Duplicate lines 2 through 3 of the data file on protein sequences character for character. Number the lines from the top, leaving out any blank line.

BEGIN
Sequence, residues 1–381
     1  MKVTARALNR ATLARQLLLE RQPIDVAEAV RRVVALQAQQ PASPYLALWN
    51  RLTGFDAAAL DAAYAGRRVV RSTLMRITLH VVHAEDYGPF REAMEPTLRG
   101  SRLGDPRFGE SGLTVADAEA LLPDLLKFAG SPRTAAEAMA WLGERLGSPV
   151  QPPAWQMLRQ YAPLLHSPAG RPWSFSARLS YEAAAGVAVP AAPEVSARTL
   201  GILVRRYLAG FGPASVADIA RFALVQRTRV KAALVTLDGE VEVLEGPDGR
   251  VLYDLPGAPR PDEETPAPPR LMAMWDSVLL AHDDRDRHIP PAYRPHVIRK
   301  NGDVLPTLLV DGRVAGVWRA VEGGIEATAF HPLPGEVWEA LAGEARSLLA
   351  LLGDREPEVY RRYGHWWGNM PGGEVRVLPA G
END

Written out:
     1  MKVTARALNR ATLARQLLLE RQPIDVAEAV RRVVALQAQQ PASPYLALWN
    51  RLTGFDAAAL DAAYAGRRVV RSTLMRITLH VVHAEDYGPF REAMEPTLRG